It should be noted, and can be clearly seen in FIG. 5, that the blankets 12 and 14 are in close intimate contact when no fabric is passing therebetween. Furthermore, such blankets, being of heavy rubber-like material, are extremely difficult to remove from the rollers 16 and 18 even when their free ends 56 and 60 are cantilevered in the fashion illustrated in FIG. 15. To facilitate the removal of the blankets, it should be noted that when the bearing 80 is removed from the door 48 (before the door is opened), the weight of the roller 18 causes its free end 60 to drop. However, such downward movement is accommodated by the aforementioned downwardly enlarged opening 84. In like fashion, when the bearing 88 is removed from the door 48, the predetermined length of the hook 93 is chosen such that the free end 56 of the drive roller 16 must be lifted before the hook 93 can be latched in place. Here, again, the aforementioned upwardly enlarged opening 92 in the door 48 accommodates such upward motion. Thus, when the door 48 is finally opened, the downward droop of the roller 18, together with the upward tilt of the roller 16 has the net effect of separating these two rollers and greatly facilitating the removal of the blankets 12 and 14.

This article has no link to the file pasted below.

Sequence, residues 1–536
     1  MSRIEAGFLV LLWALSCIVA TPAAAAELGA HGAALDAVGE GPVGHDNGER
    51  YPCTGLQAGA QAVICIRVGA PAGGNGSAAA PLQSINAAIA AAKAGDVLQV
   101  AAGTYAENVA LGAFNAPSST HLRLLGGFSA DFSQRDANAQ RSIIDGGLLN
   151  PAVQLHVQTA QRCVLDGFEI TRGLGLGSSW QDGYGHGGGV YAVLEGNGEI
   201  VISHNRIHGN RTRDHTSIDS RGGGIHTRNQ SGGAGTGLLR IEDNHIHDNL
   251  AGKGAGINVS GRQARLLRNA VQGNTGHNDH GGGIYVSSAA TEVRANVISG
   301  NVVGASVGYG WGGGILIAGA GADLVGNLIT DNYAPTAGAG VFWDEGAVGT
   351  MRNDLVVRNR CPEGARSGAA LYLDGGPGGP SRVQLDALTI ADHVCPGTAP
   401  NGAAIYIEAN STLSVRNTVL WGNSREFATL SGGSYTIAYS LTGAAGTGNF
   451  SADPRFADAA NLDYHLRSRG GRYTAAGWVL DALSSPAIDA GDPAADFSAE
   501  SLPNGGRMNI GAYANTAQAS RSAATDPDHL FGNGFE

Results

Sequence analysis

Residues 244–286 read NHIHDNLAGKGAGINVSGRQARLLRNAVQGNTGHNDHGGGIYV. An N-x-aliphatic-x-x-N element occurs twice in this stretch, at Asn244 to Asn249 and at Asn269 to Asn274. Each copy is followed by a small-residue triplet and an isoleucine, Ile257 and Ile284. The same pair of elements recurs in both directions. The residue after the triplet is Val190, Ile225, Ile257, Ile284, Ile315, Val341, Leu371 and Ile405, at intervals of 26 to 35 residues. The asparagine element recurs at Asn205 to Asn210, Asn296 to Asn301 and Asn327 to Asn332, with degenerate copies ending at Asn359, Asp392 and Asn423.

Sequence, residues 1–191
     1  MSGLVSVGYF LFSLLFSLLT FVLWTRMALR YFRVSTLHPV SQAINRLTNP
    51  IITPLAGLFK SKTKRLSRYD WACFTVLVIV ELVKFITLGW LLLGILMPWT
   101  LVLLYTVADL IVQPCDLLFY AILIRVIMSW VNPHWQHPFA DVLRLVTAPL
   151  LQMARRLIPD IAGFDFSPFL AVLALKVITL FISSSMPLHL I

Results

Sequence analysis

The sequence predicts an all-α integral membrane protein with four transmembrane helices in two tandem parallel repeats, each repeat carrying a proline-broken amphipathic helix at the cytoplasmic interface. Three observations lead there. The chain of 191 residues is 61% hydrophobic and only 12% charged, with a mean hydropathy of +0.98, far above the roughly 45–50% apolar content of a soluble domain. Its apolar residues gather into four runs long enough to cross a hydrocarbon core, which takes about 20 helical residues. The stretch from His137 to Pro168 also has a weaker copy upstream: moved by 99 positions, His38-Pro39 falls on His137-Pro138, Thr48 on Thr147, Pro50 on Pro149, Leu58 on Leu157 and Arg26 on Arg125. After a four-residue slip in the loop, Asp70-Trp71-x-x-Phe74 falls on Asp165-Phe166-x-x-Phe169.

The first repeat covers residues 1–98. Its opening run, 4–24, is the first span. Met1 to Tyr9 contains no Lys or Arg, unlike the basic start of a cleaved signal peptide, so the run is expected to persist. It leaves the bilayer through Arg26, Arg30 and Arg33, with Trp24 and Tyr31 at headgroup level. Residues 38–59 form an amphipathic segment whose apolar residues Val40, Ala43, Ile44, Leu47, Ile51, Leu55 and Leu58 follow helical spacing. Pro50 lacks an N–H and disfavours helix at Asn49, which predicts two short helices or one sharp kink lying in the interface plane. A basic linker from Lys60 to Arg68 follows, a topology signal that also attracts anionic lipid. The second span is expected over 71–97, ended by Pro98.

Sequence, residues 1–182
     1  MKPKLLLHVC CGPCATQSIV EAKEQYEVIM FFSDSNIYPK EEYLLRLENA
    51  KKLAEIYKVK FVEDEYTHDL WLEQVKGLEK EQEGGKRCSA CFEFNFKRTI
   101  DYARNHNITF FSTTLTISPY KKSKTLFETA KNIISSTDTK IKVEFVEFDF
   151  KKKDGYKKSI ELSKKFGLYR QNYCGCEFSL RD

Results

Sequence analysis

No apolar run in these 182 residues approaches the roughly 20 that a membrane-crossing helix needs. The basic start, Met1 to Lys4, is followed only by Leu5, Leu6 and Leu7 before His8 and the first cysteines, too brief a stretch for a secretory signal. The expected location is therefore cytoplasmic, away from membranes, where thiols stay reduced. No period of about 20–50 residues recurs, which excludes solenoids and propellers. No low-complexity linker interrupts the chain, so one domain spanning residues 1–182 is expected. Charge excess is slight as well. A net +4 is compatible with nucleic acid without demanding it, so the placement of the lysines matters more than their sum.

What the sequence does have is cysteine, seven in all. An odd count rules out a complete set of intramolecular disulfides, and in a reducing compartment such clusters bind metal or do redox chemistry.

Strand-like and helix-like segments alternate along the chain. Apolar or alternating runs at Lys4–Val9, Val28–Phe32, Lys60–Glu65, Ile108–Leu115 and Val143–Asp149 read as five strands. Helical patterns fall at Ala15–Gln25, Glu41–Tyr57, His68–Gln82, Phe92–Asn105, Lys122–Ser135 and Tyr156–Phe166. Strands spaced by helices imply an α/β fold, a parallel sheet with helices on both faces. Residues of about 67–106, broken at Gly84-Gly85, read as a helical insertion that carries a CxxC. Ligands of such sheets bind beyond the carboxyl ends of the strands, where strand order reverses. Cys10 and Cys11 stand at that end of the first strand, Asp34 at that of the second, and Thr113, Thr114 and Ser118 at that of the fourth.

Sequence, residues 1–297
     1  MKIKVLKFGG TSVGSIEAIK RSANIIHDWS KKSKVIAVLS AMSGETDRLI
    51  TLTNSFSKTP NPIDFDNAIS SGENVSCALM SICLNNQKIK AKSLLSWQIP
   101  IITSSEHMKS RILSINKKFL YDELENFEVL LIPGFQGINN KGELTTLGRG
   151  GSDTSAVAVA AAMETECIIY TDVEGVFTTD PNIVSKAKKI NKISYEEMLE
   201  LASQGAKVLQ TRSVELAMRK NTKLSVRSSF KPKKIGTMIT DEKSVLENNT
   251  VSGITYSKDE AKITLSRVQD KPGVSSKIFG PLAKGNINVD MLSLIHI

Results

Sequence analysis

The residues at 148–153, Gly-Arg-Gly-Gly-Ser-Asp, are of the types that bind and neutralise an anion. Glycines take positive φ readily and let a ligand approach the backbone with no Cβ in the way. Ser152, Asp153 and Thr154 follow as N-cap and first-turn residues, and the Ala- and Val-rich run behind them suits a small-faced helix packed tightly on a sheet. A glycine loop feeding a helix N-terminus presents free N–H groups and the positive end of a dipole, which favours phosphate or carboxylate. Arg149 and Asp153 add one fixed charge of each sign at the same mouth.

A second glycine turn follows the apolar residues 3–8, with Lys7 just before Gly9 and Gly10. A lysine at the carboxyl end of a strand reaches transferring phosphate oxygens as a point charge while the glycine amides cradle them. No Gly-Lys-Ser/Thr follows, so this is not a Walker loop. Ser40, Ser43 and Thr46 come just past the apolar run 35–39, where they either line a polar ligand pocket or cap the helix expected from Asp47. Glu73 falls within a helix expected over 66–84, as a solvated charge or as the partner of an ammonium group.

Considering FIGS. 3, 4, 12, and 13, it will be seen that idler roller assembly 20 comprises a wedge-shaped bar 96 which carries along its lower surface a plurality of rollers 98. The wedge-shaped bar 96 terminates at one end thereof in an end block 100 and at the other end thereof in a bifurcated end block 102 having legs 104 and 106 (see FIG. 3). End block 100 carries bearing 107, while bifurcated end block 102 carries bearing 108. Bearings 107 and 108 carry main idler roller 110 above wedge block 96.
In like fashion, the second idler roller assembly 22 comprises a wedge-shaped bar 112 which carries a plurality of rollers 114 thereabove. Wedge-shaped bar 112 terminates at its left-most end (as viewed in FIG. 4) in end block 116 and terminates at its opposite end in bifurcated end block 118, including legs 120 and 122 (See FIG. 3). End block 116 carries bearing 124, while bifurcated end block 118 carries bearing 126. Bearings 124 and 126 support main idler roller 128 beneath wedge-shaped bar 112.